During the preconception stage, as well as the early stages of pregnancy, it is a great time to work on your mobility, as well as practice a routine that focuses on improving your postural stability and strength. During pregnancy, postural adaptations happen naturally, as well as holding and caring for your child after birth. In this preconception stage and with early pregnancy, you can take advantage of positions, such as face down exercises, that target specific postural muscles. You can also add hip mobility exercises like the 90/90, which increase control of the ranges of motion for your hips, which can help mitigate low back issues down the road.

First Trimester

Exercising in your first trimester can be a wild ride of emotions and hormone changes, so it's good to get clearance from your doctor throughout your pregnancy for exercise as things can change. But most of all, it's important to listen to your body no matter what exercise program you are following.

If you're cleared for exercise, then this stage is a great time to work on split stance stability exercises, which later become harder to do as your tummy grows with your baby. Exercises such as variations of weighted lunges, step-ups, and split squats are great for also building balance and stability. It's also important to work on core stability in exercises such as a Palloff press, side planks, and dead bug variations from a four-point position to create more stability.

Just like with the preconception stage, mobility is important throughout your pregnancy journey. During the first trimester, the hormone relaxin is released and causes the ligaments that support your joints to become relaxed (3). Often women can overstretch or move beyond normal ranges as the joints are more mobile and at greater risk of injury. It's not the best time to do jerky, bouncing, or high impact motions but rather add control with your mobility work.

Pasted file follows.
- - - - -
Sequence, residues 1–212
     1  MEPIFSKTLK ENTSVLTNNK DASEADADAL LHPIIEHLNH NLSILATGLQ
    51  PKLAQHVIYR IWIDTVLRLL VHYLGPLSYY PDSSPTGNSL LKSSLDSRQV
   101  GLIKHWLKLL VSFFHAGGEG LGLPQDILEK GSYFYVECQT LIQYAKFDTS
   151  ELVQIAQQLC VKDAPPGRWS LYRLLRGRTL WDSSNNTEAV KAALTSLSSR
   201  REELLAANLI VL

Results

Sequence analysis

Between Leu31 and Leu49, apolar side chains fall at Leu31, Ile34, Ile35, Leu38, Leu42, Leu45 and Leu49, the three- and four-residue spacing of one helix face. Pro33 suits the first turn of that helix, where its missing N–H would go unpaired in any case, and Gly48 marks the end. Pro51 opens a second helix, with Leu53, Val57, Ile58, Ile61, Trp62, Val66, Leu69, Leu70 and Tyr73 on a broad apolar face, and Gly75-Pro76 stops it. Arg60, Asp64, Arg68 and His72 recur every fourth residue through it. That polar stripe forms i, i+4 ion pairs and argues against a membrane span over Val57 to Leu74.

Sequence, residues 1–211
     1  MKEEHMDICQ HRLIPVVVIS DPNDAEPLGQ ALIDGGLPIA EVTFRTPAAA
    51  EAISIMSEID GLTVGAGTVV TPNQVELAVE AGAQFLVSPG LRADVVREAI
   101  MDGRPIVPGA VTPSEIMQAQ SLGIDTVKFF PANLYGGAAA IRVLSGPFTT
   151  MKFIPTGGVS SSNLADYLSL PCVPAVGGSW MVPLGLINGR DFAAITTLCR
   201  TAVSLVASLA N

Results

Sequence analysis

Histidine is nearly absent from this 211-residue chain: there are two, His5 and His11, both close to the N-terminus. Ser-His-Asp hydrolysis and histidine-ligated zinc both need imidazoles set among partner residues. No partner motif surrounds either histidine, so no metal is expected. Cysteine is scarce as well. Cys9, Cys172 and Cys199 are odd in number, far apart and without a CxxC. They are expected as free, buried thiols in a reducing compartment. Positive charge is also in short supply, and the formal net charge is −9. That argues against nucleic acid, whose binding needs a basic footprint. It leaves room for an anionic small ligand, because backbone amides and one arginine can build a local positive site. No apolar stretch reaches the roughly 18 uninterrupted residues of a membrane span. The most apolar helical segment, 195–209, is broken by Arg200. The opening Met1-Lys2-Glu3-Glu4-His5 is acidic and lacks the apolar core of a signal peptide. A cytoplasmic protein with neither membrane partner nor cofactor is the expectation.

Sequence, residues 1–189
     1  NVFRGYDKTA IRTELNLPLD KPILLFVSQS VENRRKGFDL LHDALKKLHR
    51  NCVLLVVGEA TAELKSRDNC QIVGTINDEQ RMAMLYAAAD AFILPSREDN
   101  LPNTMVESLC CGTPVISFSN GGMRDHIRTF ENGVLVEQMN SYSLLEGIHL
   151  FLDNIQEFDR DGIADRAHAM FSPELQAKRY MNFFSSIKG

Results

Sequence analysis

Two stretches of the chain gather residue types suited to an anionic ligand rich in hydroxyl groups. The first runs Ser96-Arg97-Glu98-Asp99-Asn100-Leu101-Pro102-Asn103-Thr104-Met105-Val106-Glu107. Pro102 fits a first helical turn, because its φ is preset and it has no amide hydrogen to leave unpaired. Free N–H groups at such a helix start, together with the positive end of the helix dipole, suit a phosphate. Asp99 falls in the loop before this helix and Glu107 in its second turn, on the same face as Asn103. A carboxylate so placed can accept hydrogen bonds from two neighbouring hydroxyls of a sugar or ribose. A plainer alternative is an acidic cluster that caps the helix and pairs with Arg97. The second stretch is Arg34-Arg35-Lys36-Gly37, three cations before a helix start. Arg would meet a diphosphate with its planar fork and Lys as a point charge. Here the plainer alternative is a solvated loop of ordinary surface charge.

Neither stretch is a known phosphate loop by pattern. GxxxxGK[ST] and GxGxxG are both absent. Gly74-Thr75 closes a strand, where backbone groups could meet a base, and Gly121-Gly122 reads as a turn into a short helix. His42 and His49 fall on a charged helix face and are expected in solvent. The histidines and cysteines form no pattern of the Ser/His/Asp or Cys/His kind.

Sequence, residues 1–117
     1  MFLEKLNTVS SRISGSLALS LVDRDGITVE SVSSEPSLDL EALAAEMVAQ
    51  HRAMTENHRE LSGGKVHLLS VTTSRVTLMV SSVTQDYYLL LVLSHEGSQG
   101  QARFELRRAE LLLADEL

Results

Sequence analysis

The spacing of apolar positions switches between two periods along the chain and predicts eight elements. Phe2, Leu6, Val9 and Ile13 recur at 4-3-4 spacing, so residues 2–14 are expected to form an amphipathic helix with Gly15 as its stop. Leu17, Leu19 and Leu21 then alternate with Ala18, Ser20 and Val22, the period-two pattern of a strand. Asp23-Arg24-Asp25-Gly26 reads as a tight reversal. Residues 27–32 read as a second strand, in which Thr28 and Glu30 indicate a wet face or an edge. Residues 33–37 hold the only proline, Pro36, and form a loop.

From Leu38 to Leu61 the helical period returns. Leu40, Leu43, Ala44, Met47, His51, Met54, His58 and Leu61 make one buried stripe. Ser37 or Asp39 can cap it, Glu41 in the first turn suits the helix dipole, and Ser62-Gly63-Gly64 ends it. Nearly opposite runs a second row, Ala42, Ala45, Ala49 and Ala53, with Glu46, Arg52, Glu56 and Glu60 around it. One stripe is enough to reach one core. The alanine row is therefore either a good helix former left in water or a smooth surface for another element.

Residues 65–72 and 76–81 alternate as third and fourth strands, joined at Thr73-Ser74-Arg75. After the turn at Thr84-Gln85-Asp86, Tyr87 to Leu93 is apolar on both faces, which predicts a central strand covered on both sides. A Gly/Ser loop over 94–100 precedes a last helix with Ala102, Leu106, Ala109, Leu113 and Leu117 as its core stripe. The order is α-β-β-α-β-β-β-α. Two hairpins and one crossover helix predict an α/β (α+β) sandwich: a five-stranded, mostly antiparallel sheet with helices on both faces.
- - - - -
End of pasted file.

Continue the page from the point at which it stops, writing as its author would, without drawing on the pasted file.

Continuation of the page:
When it comes to core work, at the end of the first trimester is when you should stop doing any crunch movement as your abdominal wall is beginning to expand as well as your uterus. The pressure you can put on the expanding abdominal wall can cause diastasis recti; this separation and gap between the left and right sides of your abdominal muscle. It's important to know that this is not the time to aim for a six-pack but rather focus on stabilizing your body. We don't want to overstress your body but instead build stamina and strength, especially if you're planning on natural birth. Think of this stage also as another building block towards your body, getting stronger, and improving your balance. But if your hormones are taking you for a ride where you are not up for an entire workout, you can take advantage of going for a swim or a light walk.

Second Trimester